How the “Warm Hand-Off” Helps People Get into Opiate Addiction Treatment
The “warm hand-off” is a program used in Pennsylvania emergency departments. It has been designed to help overdose survivors gain access to the important follow-up care they need. When patients are stable, this program hands them over directly from emergency to a drug treatment program, like opiate substance abuse treatment.
Why Is the Warm Hand-Off Necessary?
When a person leaves the emergency room directly after they receive treatment for a drug overdose, they have a very high risk of repeat overdose. If programs get patients directly into opiate addiction treatment, the risk is avoided entirely. They don’t have a chance to hit the street and start using again.
This isn’t an unusual tactic in the medical field. If a person has a massive heart attack, doctors don’t give them the phone number of a cardiologist and tell them to call during business hours to set-up an appointment. No. they begin the next level of care immediately. This program takes that model and applies it to drug users and opiate addiction treatment.
The drug Naloxone is being used more and more often to save the lives of people experiencing an opiate overdose. According to an article on PennLive, Pennsylvania police have used the drug to reverse over 1,200 opiate overdoses since November of 2014. This indicates the seriousness of the crisis. Naloxone temporarily reverses an overdose but it doesn’t save lives long-term; only opiate substance abuse treatment can do that.
What Does a Warm Hand-Off Program Do?
Rather than giving recent victims of an overdose the number of a rehab center, they directly transfer patients from the hospital into a treatment program. The Pennsylvania Department of Drug and Alcohol Programs requires country drug and alcohol authorities to “develop, implement, and maintain a plan for screening, assessment, treatment and tracking of overdose survivors to obtain immediate, appropriate and seamless care.”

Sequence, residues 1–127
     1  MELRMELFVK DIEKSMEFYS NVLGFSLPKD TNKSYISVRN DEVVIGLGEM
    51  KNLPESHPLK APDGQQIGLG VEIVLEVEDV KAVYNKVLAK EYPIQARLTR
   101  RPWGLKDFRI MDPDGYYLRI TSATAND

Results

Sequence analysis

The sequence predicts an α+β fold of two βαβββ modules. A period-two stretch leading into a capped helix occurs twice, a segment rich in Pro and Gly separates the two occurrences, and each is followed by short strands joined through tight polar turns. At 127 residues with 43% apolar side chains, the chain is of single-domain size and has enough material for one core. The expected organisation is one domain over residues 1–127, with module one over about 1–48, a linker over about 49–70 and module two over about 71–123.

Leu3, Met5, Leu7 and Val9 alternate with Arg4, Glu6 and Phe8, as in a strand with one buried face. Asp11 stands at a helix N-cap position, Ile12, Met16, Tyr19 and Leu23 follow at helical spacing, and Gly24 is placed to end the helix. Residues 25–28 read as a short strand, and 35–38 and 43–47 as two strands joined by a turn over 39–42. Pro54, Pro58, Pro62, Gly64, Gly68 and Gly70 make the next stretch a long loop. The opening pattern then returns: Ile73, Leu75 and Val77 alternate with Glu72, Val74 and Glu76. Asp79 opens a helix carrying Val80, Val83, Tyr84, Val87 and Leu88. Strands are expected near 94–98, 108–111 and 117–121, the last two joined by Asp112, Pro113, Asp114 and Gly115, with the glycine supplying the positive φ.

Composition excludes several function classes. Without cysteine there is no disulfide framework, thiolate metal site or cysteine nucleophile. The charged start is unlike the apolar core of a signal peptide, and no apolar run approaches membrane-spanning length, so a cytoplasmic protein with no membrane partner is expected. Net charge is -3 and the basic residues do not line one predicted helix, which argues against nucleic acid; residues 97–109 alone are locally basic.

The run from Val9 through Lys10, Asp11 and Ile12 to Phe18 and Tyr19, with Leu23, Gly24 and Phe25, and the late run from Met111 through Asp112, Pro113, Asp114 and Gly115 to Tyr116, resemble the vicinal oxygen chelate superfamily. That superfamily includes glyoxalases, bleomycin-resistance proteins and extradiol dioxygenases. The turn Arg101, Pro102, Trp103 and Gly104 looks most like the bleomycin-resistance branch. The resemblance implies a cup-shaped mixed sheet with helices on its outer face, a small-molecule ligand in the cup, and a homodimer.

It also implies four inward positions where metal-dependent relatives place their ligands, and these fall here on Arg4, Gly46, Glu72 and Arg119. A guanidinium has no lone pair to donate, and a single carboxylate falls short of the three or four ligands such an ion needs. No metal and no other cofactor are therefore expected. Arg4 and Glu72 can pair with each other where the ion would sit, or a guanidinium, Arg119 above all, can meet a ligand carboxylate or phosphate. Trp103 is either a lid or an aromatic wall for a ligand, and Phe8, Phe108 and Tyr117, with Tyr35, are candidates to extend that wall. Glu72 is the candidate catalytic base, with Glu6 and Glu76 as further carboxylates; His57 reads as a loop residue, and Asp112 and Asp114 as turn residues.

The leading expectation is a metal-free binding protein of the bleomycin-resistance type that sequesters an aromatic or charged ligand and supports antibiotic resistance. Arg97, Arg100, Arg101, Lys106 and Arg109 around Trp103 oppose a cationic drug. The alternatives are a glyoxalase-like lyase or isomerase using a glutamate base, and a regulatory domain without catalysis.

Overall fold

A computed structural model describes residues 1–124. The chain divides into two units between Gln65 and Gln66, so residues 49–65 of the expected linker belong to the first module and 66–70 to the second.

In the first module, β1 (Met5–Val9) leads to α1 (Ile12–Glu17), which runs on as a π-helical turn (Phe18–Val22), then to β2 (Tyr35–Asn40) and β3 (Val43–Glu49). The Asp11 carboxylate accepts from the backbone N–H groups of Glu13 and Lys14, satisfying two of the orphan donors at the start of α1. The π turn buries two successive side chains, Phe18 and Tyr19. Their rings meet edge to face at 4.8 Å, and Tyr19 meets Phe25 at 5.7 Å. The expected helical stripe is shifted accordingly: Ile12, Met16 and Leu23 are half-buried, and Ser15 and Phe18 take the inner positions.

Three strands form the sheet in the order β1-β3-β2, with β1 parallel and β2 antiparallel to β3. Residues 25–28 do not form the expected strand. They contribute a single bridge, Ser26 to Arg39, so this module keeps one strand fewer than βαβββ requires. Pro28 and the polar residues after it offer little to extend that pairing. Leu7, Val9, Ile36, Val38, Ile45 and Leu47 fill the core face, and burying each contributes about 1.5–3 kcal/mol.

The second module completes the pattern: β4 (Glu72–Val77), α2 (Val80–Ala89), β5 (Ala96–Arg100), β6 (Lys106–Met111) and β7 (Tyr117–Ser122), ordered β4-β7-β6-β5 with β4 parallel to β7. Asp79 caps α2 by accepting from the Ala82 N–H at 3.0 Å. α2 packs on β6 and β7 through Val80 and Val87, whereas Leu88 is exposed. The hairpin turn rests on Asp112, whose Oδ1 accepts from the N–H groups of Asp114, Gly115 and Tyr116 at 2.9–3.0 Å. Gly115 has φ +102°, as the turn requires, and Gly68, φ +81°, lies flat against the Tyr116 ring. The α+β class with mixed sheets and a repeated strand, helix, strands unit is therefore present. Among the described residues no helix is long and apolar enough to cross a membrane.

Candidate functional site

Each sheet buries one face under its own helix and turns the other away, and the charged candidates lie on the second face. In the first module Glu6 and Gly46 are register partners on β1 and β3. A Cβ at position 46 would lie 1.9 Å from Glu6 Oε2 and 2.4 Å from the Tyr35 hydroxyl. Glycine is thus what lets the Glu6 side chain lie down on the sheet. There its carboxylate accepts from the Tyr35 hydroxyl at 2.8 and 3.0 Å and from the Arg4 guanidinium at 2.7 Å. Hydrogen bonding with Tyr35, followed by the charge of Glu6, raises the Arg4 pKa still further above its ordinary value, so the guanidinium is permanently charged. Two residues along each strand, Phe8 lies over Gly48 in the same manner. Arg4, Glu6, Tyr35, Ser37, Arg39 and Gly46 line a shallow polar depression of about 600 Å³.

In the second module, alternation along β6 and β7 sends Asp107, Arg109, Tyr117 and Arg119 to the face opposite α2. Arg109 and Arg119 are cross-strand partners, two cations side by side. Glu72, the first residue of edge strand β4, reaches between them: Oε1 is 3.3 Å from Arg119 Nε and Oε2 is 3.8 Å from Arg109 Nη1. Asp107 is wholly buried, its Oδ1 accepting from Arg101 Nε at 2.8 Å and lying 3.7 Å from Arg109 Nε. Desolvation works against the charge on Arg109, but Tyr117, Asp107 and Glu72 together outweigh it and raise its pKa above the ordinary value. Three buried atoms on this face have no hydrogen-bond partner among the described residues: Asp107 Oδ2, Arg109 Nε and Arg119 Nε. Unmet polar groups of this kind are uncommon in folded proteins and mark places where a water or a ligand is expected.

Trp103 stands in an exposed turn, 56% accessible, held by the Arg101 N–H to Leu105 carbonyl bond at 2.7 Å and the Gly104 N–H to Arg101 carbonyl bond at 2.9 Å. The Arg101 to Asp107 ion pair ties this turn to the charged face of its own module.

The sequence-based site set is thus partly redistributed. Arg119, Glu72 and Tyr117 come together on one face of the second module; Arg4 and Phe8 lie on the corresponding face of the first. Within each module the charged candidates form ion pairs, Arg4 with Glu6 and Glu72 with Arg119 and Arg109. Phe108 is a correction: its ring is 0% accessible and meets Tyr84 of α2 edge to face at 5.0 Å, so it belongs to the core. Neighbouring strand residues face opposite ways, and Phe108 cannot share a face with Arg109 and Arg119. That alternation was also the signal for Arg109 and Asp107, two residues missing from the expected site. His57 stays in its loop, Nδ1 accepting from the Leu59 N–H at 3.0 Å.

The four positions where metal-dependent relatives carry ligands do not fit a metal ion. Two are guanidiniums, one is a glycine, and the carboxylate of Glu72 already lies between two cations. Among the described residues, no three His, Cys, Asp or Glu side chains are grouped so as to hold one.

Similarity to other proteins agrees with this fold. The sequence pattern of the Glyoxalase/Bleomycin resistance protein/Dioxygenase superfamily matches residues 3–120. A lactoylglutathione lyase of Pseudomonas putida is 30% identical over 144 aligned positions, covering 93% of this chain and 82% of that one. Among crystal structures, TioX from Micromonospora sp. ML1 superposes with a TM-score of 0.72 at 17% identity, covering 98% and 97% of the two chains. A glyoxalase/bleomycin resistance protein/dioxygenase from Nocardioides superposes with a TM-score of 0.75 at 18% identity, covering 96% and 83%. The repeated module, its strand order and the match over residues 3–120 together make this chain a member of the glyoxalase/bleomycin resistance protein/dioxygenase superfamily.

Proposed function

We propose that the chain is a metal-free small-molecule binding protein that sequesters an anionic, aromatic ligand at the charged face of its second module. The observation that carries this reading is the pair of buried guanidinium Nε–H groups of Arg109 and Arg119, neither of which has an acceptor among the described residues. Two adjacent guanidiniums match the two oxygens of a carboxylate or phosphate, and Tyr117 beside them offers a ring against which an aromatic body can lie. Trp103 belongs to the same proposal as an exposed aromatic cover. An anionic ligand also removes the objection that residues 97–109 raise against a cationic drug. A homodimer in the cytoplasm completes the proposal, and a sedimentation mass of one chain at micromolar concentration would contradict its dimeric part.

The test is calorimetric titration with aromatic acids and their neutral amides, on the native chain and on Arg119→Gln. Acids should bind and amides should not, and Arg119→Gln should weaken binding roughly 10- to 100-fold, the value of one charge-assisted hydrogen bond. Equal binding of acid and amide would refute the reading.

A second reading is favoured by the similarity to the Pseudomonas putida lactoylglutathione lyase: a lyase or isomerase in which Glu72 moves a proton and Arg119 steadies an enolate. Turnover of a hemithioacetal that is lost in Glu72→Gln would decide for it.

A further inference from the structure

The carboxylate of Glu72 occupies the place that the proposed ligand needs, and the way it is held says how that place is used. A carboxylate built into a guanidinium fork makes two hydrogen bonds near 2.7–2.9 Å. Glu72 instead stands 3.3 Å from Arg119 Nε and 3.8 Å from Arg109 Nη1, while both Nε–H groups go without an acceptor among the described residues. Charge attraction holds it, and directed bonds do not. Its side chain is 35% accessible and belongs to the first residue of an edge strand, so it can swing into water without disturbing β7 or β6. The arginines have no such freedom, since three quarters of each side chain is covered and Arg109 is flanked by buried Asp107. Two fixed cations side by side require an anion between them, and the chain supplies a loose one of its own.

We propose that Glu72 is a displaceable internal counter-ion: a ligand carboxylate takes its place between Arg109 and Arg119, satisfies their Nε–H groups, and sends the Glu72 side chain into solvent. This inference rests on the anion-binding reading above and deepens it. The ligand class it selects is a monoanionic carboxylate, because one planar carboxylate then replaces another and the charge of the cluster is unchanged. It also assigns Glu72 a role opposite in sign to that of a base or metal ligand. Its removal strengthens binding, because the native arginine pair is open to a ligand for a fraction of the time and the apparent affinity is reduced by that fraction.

Do You Need Outpatient Opiate Addiction Treatment or Inpatient Opiate Substance Abuse Treatment? What Factors Help You Make This Decision?
There are inescapable choices that need to be made before you look seriously at attending an opiate addiction treatment program. You will need to make sure that it is financially possible. You will need to determine whether or not you remain local or go abroad. And, you will need to decide between and inpatient center and an outpatient opiate substance abuse treatment facility.
Likely, you will want to pick the form of rehab that will get you the best results. But, there is no general rule of thumb that can be followed during your considerations. As the National Institute on Drug Abuse notes: “No single treatment is appropriate for everyone.” The type of care that you need will depend upon the specific circumstances surrounding our opiate use disorder.
Inpatient Opiate Addiction Treatment Might Be Right for You
For some people, inpatient treatment is the option most likely to retain them in treatment and to keep them engaged. This is often the case when:
- Patients need space from their families to focus on their treatment